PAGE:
Nonvolatile Spintronics

Our nonvolatile spintronics team focuses on research on magnetic materials, devices, and architectures for nonvolatile memory and logic. The term nonvolatile refers to devices and circuits which do not require the continuous application of a voltage (hence power) to retain their information. Hence, these devices enable electronic systems with extremely low standby power, thereby enhancing their overall power efficiency. They also allow for integration of memory and logic functions at a more fundamental level. By eliminating the need to transfer data back and forth from/to power-hungry and slow external nonvolatile memories, they contribute to improving the system speed, allowing for instant on/off capability. Finally, by enhancing energy efficiency and reducing leakage and standby power consumption, these nonvolatile spintronic solutions allow for greatly improved scaling behavior of (CMOS or beyond-CMOS) logic architectures. Our activities in this area can broadly be divided into work on magnetic random access memory (MRAM) and nonvolatile magnetic logic (NVL).

We are investigating various aspects of this area of research, ranging from materials development, theoretical modeling and simulations, to advanced measurements, and development of various memory and logic devices and circuits. We have extensive collaborations and partnerships with leading experts in academia and industry. Our efforts in this area are supported by DARPA, and by the TANMS and WIN centers at UCLA.

For more information, please contact Dr. Pedram Khalilipedramk (at) ucla (dot) edu.

I. Magnetic Random Access Memory (MRAM)


Figure 1. Images of MeRAM devices developed by our team (top); and measured switching probability as a function of write voltage for a MeRAM bit (bottom). For details see “Voltage-Induced Switching of Nanoscale Magnetic Tunnel Junctions“, Technical Digest of the IEEE International Electron Devices Meeting (IEDM 2012), San Francisco, California, pp. 29.5.1-29.5.4, December 2012, and “Voltage-controlled MRAM: Status, challenges and prospects“, EE Times, February 25, 2013.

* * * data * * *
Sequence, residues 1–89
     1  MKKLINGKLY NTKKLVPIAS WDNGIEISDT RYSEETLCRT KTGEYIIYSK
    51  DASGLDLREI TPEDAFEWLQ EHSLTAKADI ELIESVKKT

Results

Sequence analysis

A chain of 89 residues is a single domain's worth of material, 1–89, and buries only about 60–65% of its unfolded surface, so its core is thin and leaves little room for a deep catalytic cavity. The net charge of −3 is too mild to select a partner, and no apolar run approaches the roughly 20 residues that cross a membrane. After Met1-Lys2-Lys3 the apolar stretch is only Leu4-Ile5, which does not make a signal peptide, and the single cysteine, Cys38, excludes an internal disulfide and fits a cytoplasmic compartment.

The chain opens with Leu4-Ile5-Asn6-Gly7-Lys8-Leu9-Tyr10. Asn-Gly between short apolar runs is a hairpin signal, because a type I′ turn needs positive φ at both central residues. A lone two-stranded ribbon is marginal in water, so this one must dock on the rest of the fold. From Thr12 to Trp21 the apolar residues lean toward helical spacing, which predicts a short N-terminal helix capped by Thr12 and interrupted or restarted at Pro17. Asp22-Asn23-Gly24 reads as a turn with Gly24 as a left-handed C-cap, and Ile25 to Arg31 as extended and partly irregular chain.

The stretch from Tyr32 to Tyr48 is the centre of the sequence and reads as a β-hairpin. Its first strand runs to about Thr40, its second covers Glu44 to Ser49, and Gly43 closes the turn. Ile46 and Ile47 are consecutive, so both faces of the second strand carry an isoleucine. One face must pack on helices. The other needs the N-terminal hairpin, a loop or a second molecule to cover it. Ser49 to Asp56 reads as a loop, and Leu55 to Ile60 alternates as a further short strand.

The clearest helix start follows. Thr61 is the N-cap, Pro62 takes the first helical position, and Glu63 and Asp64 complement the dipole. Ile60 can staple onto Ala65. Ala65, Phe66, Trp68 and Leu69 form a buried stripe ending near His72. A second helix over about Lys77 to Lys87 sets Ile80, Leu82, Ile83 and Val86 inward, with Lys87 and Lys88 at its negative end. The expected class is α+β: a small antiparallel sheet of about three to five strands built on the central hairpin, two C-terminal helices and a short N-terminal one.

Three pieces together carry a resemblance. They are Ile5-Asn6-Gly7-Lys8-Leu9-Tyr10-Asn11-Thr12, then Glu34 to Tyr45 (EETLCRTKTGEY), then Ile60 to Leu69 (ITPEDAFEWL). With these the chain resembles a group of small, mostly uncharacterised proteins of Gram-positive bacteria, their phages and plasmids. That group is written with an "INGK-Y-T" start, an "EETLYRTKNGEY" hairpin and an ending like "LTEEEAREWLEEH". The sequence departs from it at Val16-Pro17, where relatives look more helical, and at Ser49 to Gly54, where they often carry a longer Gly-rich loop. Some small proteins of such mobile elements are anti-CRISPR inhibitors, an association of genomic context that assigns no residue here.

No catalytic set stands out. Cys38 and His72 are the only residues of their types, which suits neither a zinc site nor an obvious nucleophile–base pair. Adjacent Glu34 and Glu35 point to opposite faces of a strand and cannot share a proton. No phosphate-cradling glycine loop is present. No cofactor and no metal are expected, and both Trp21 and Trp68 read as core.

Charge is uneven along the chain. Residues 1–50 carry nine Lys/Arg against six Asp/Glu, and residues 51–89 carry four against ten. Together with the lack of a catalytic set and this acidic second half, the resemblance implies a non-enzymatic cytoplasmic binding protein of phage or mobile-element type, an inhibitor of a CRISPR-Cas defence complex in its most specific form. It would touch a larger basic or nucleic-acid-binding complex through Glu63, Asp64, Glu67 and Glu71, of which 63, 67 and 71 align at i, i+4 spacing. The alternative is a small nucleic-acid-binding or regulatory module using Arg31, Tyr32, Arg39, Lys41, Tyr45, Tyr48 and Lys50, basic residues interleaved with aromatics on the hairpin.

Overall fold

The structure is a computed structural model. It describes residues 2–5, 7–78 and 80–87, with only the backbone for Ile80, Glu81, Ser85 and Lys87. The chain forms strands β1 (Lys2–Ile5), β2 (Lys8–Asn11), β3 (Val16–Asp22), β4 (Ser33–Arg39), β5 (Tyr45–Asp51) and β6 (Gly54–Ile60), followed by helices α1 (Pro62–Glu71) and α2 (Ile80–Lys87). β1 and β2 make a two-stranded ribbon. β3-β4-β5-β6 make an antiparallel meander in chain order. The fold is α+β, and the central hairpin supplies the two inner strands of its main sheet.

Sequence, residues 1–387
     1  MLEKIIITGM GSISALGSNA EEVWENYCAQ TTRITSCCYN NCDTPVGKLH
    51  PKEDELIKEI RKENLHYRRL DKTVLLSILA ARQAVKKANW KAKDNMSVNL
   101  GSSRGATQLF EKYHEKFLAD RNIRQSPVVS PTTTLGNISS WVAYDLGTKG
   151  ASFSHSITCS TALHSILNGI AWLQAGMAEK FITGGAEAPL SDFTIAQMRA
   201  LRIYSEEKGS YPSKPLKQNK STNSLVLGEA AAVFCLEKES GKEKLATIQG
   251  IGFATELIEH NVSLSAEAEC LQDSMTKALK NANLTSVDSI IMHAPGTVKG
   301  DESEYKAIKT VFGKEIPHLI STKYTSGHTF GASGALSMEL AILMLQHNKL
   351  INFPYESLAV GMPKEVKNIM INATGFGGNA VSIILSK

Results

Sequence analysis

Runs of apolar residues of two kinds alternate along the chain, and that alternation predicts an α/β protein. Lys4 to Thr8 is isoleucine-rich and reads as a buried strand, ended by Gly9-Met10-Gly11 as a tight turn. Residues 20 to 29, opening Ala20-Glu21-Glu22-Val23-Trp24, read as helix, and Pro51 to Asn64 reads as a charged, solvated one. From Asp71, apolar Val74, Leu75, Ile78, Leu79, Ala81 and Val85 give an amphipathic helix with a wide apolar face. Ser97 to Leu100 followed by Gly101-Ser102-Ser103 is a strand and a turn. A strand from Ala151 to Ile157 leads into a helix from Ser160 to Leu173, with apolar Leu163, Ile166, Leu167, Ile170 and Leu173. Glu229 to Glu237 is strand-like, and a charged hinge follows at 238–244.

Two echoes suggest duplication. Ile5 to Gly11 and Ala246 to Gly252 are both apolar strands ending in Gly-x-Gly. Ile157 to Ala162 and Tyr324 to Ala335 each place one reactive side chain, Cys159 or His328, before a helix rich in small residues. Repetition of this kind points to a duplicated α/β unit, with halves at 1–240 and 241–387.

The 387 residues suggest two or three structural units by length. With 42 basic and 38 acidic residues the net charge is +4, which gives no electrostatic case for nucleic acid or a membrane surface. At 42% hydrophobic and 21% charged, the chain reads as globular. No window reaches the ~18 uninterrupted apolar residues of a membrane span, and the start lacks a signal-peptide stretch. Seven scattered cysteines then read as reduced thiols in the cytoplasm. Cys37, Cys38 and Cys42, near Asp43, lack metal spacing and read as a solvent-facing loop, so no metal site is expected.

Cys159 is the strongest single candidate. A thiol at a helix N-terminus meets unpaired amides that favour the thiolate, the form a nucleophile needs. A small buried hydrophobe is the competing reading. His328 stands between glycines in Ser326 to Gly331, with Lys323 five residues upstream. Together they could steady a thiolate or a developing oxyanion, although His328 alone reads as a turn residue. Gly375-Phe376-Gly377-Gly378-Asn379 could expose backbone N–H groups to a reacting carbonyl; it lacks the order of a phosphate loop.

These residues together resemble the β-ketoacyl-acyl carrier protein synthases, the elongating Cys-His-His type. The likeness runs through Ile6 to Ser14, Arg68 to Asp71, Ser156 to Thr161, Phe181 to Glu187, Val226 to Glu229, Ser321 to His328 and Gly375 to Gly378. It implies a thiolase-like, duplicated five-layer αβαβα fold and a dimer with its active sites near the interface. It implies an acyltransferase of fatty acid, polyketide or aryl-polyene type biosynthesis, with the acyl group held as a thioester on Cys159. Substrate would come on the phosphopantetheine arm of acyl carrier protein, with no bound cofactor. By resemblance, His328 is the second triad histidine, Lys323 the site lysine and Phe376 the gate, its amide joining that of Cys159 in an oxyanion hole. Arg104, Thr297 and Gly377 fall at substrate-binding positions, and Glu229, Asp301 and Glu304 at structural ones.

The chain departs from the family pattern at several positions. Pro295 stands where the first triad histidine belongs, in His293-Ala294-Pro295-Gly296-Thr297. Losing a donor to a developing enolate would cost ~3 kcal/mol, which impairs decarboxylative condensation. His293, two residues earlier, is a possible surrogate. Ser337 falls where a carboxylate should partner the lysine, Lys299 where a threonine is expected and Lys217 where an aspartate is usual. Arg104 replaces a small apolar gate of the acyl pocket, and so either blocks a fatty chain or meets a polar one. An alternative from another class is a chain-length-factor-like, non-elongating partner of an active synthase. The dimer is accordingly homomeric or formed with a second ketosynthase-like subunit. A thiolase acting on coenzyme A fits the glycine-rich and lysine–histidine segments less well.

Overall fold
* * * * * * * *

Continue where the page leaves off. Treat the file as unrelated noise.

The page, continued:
Magnetoresistive Random Access Memory (MRAM) is currently of great interest, as it potentially combines (and exceeds) the high speed of SRAM, density of DRAM, and the nonvolatile storage of Flash memory in a single scalable memory technology with excellent endurance and low energy. Our team has been leading research in the development of spin transfer torque memory (STT-MRAM) using MgO-based magnetic tunnel junction (MTJ) devices. More recently, we are also working actively on a new type of electric-field-controlled MRAM which we refer to as magnetoelectric random access memory, or MeRAM. The use of electric fields (i.e. voltages) rather than currents allows for 10-100x lower power dissipation, higher density, and better scalability. Our efforts cover the full range of activities ranging from material and MTJ stack development to testing and characterization, as well as micromagnetic modeling.

II. Nonvolatile Logic Circuits (NVL)


Figure 2. Device structure and oscillation spectra of ultralow-current spin torque nano-oscillators (STNOs) developed by our team. For details see “Ultralow-current-density and bias-field-free spin-transfer nano-oscillator“, Scientific Reports, Vol. 3, pp. 1426/1-5, March 2013, and High-Power Coherent Microwave Emission from Magnetic Tunnel Junction Nano-Oscillators with Perpendicular Anisotropy”, ACS Nano, Vol. 6, No. 7, pp. 6115-6121, 2012.

Our team is also developing nonvolatile logic for ultralow-power electronic systems of the future. Our approach here is two-fold. On the one hand we work on combining our ultralow-power and fast magnetic memory devices with existing volatile CMOS logic, in collaboration with leading circuit designers at UCLA, in order to create nonvolatile circuits with no standby power dissipation, improved speed, and better density and scaling. Our second approach is to create all-spintronic logic based on spin waves in magnetic nanostructures, which we refer to as nonvolatile magnonic logic. Here we work on combining spin wave logic devices with novel non-volatile elements, to create an all-encompassing new approach to computational logic. This will make possible a new paradigm in computing, extending the reach of nonvolatile electronics from memory to logic and computing applications, allowing for zero standby power and instant-on computation.



  • J.G. Alzate, P. Khalili Amiri, P. Upadhyaya, S.S. Cherepov, J. Zhu, M. Lewis, R. Dorrance, J.A. Katine, J. Langer, K. Galatsis, D. Markovic, I. Krivorotov, K.L. Wang, “Voltage-Induced Switching of Nanoscale Magnetic Tunnel Junctions“, Technical Digest of the IEEE International Electron Devices Meeting (IEDM 2012), San Francisco, California, pp. 29.5.1-29.5.4, December 2012.